In the month of February, Miran Uddin, veteran of the 1952 movement, is remembered once again as one of the many from Manikganj who never received official state recognition
Despite being recognized as a 1952 Language Movement veteran by the Manikganj district administration, Miran Uddin is yet to receive any state recognition.
Now, in the winter of his life, 86-year-old Miran who was just a boy when he responded to the call of the language movement in February 1952, wants nothing more than the country to give him his due.
On February 5, this reporter went to visit Miran at his daughter's house in Ghior of Manikganj. There, Miran reminisced about his past and talked about his current life.
"You [reporters] only come to visit me during the month of February," he said. "The rest of the year, I remain forgotten. There have been many articles published on me, my story has been broadcast on televisions, but no state-affiliated people have sought me.
"Only the district administration has given me the status of a language warrior," he said. "At this age, all I want is for my children to remember and be proud of their father as a language warrior."
Originally hailing from Kakna village in Daulatpur of Ghior, Miran, a retired school teacher, lives with his daughter Meherunnisa Mitu, near Sadar upazila. A lifelong believer in leftist politics, Miran married at the late age of 50. After his wife died a few years ago, Miran spends his time mingling with his grandchildren and writing his autobiography.
The octogenarian still attends events and ceremonies whenever they crop up. Last year, Miran received a crest as a Language Movement veteran from the current Health and Family Welfare Minister, Zahid Maleque. But his desire to get state recognition still remains unfulfilled.
"My friends, Wayezuddin Master, Niranjan Basu, and Rehazuddin, who all stood alongside me during 1952's language movement, have died without receiving state awards," Miran lamented. "I can only hope I do not face the same fate."
Language Movement veterans of Manikganj
In 1949, Muhammad Ali Jinnah, the founder of Pakistan, came to Dhaka and declared Urdu - and only Urdu - would be the state language of all Pakistan. The fire of revolution started to spread among the Bangalis of East Pakistan, who could not accept this declaration.
The revolutionary wave surpassed Dhaka and reached Terosree village in Ghior upazila. Student leaders from Dhaka sent leaflets containing instructions regarding the protests against Jinnah's declaration, to Terosree KN Institute.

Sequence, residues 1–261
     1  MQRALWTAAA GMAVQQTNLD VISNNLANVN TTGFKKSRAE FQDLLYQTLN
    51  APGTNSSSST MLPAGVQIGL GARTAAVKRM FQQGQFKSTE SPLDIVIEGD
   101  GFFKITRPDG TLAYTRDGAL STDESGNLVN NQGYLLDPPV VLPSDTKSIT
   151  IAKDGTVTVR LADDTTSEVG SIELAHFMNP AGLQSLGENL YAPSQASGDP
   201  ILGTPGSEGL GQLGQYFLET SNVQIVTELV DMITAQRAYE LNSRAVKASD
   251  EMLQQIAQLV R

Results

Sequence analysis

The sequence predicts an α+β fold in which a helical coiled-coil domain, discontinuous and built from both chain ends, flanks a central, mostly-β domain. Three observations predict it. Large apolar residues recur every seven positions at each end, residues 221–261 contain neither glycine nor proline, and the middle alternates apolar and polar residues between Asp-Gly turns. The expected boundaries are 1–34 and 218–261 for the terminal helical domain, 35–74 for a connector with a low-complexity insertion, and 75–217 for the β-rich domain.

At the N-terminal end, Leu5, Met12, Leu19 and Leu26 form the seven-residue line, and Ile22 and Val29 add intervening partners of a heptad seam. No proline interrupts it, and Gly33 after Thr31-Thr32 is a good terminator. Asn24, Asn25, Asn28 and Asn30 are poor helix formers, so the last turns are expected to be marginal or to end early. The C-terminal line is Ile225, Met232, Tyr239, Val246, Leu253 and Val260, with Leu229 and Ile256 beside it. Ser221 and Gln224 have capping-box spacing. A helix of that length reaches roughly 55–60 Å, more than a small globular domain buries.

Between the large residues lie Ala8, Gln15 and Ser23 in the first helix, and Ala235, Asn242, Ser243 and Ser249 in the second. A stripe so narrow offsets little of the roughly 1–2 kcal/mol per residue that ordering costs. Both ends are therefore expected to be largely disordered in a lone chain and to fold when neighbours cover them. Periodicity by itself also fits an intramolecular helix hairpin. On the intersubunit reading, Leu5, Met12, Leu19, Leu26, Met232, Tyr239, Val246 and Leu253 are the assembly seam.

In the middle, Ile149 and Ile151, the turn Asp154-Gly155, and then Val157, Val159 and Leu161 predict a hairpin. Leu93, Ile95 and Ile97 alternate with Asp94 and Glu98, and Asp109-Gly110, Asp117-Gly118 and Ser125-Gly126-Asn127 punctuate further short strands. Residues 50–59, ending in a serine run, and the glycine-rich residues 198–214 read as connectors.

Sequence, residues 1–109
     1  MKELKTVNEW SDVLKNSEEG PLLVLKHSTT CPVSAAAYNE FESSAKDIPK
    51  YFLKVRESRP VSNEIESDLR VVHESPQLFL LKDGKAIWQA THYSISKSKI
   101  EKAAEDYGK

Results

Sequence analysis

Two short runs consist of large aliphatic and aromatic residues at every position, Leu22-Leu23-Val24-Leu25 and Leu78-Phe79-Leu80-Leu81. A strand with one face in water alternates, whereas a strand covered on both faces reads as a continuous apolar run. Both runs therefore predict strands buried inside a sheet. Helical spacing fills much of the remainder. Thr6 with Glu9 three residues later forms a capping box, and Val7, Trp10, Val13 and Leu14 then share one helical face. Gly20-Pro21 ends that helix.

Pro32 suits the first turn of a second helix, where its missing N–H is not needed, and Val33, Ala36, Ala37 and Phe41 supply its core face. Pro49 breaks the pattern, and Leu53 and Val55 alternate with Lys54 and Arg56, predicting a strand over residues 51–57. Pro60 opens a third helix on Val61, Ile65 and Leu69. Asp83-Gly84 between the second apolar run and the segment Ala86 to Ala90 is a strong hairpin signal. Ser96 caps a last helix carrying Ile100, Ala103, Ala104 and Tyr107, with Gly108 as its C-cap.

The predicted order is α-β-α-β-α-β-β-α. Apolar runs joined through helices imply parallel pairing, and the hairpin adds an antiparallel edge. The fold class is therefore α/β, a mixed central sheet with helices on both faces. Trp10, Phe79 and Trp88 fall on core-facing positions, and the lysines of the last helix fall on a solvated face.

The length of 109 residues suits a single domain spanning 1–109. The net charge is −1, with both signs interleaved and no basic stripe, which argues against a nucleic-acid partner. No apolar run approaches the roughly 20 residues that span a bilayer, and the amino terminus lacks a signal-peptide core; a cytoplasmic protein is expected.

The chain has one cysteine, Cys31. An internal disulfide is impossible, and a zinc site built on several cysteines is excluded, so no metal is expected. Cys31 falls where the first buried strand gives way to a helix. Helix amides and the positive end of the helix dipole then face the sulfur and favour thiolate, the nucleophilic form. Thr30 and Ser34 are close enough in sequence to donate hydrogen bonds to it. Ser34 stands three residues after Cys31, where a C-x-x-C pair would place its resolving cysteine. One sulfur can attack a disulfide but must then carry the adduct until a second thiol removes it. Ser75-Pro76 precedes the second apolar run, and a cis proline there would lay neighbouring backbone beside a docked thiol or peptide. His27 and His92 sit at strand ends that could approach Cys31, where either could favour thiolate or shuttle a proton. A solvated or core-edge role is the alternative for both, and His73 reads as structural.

In accordance with the instructions, KN Institute students brought out processions and held rallies. Ninth-grader Miran Uddin, Wayezuddin, Niranjan Basu, 10th-grader Rehazuddin, and SSC candidate Jatin Dash, led these processions.
At that time, Miran used to lodge in a house belonging to a man named Mir, in Terosree village, for his studies. Amid the tumultuous political upheaval all across the country, suddenly, Mir asked Miran to leave Terosree. News had come from the local chairman that police were rounding up all the students involved with distributing leaflets and holding processions and rallies.
Running away from his lodger's house, Miran took shelter in Sattar Munhshi's house in a nearby village. After spending the night in fear and doubt, in the morning Miran came to know his friends had been arrested by the police and sent to the court on sedition charges.
Understanding his precarious position, Miran left Sattar's house in the dead of night and stayed in hiding, seeking shelter in different people's houses for the next two months. In the meantime, his arrested friends were transferred from Manikganj jail to Dhaka Central Jail.
Miran only came out of hiding after his friends had received bail with the help of then-Congress leader, Bhabesh Nandi, and the cases against them had dissolved.
"I gave slogans, distributed leaflets, held processions and rallies," Miran said in conversation with this correspondent. "I had cases lodged against me, the police came looking for me, and my friends languished in jail. However, none of them got any state recognition.
"The language movement taught me to be aware of my rights and helped me love my country better," he said. "I hope the language warriors are not remembered only during the February month. And it is my demand the government officially recognize those who toiled for the movement."